There are many possible motives for a source to not mention a particular historical figure, even if he was aware of that figure's existence and his significance. A Roman historian might have a low view of the importance of Jewish history, a contemporary of Jesus may refrain from discussing Him because he's unsure of what to make of Jesus, etc. Craig Keener writes:

"Without immediate political repercussions, it is not surprising that the earliest Jesus movement does not spring quickly into the purview of Rome’s historians; even Herod the Great finds little space in Dio Cassius (49.22.6; 54.9.3). Josephus happily compares Herodotus’s neglect of Judea (Apion 1.60-65) with his neglect of Rome (Apion 1.66)." (A Commentary on the Gospel of Matthew [Grand Rapids, Michigan: William B. Eerdmans Publishing Company, 1999], p. 64, n. 205)

One example Christopher Price cites in his article is John the Baptist, who isn't mentioned by anybody until after his death. John the Baptist is also significant in another context that skeptics often mention. If it was as common and as easy as skeptics sometimes suggest it was for ancient people to fabricate miracle accounts for their religious leaders, then why don't we see it with John the Baptist? Ethelbert Stauffer noted:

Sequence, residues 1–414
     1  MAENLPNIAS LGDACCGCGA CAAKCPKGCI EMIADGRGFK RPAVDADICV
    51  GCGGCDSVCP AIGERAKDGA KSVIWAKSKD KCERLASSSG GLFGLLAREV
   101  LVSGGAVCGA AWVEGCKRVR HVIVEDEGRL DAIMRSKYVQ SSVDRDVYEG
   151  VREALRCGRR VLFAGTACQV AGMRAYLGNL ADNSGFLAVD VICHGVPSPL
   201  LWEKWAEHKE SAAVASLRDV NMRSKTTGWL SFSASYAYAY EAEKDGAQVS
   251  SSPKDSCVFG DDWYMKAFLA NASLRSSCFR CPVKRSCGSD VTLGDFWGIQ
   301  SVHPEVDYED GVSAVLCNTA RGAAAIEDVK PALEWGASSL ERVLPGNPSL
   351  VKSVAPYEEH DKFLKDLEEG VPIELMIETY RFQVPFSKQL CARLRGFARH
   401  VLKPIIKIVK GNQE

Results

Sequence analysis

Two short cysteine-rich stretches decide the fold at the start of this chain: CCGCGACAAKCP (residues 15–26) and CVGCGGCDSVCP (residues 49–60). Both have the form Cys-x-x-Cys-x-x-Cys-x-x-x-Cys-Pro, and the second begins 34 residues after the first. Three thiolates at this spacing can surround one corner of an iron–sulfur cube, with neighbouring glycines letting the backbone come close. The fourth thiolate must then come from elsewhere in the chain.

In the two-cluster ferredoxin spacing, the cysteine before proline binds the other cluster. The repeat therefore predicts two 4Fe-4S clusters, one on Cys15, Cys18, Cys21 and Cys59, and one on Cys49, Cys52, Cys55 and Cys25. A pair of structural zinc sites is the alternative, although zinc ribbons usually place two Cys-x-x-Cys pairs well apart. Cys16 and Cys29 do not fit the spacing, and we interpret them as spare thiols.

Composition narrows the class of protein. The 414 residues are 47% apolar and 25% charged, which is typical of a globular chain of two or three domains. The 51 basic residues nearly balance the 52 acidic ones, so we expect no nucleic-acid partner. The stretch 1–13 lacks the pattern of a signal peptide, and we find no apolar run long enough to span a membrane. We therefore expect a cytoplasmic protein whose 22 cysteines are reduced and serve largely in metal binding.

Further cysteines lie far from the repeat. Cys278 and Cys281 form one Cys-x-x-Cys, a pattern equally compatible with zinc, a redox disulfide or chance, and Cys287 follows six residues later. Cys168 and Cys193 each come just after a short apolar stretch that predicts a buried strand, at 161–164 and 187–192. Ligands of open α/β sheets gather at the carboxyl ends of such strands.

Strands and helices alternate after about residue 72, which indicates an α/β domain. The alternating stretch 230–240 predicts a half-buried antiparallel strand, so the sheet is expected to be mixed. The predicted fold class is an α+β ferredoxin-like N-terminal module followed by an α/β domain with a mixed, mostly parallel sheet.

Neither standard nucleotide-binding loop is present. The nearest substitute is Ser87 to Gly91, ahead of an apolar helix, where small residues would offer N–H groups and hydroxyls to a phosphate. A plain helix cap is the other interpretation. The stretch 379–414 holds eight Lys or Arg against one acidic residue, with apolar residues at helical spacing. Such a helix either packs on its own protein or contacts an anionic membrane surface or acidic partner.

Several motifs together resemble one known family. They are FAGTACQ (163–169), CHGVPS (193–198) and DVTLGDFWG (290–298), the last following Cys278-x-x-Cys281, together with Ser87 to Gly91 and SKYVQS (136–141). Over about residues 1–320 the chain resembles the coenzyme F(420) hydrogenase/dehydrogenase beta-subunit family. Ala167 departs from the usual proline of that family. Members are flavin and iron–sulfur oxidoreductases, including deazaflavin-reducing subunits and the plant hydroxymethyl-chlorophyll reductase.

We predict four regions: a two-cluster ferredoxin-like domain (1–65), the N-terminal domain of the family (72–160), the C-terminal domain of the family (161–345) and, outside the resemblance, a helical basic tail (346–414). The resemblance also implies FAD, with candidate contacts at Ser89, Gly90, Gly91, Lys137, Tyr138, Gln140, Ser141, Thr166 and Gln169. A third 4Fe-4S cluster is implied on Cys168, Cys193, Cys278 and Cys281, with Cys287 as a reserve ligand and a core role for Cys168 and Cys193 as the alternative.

"This evidence in the sources [for Jesus' miracles] cannot be discounted psychologically on the ground that in those days all stories of miracles were credulously accepted and uncritically spread about. For the Jews of antiquity were extremely realistic in regard to miracles, and at least the opponents of Jesus among them were highly critical. Had that not been so, the miracles of Jesus would not have been so vehemently discussed and so gravely misinterpreted. Neither can we dismiss the matter of Jesus’ miracles by contending that in those days miracles were ascribed to every prominent historical or religious personality. For that was not the case. The men of the New Testament considered John the Baptist, for example, as the greatest human being before Christ, and yet he was not regarded as a miracle-worker. Josephus, too, attributes no miracles to the Baptist. The Mandaeans hail the Baptist as a mythological savior and attack Jesus as his satanic adversary. But they, too, say a great deal about the (demon-inspired) miracles of Jesus, and not a word about any miracle wrought by John the Baptist. Islam has high regard for Jesus, still higher for Mohammed. But although many miracles are attributed to Jesus, none are ascribed to Mohammed….Jesus’ miracle-working is historically unassailable" (Jesus and His Story [New York: Alfred A. Knopf, 1960], pp. 10-11)